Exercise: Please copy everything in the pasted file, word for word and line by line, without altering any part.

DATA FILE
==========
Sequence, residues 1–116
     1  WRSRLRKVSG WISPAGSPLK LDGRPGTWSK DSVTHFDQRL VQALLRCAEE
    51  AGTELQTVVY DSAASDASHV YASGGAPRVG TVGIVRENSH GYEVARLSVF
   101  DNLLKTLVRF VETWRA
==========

Sequence, residues 1–116
     1  WRSRLRKVSG WISPAGSPLK LDGRPGTWSK DSVTHFDQRL VQALLRCAEE
    51  AGTELQTVVY DSAASDASHV YASGGAPRVG TVGIVRENSH GYEVARLSVF
   101  DNLLKTLVRF VETWRA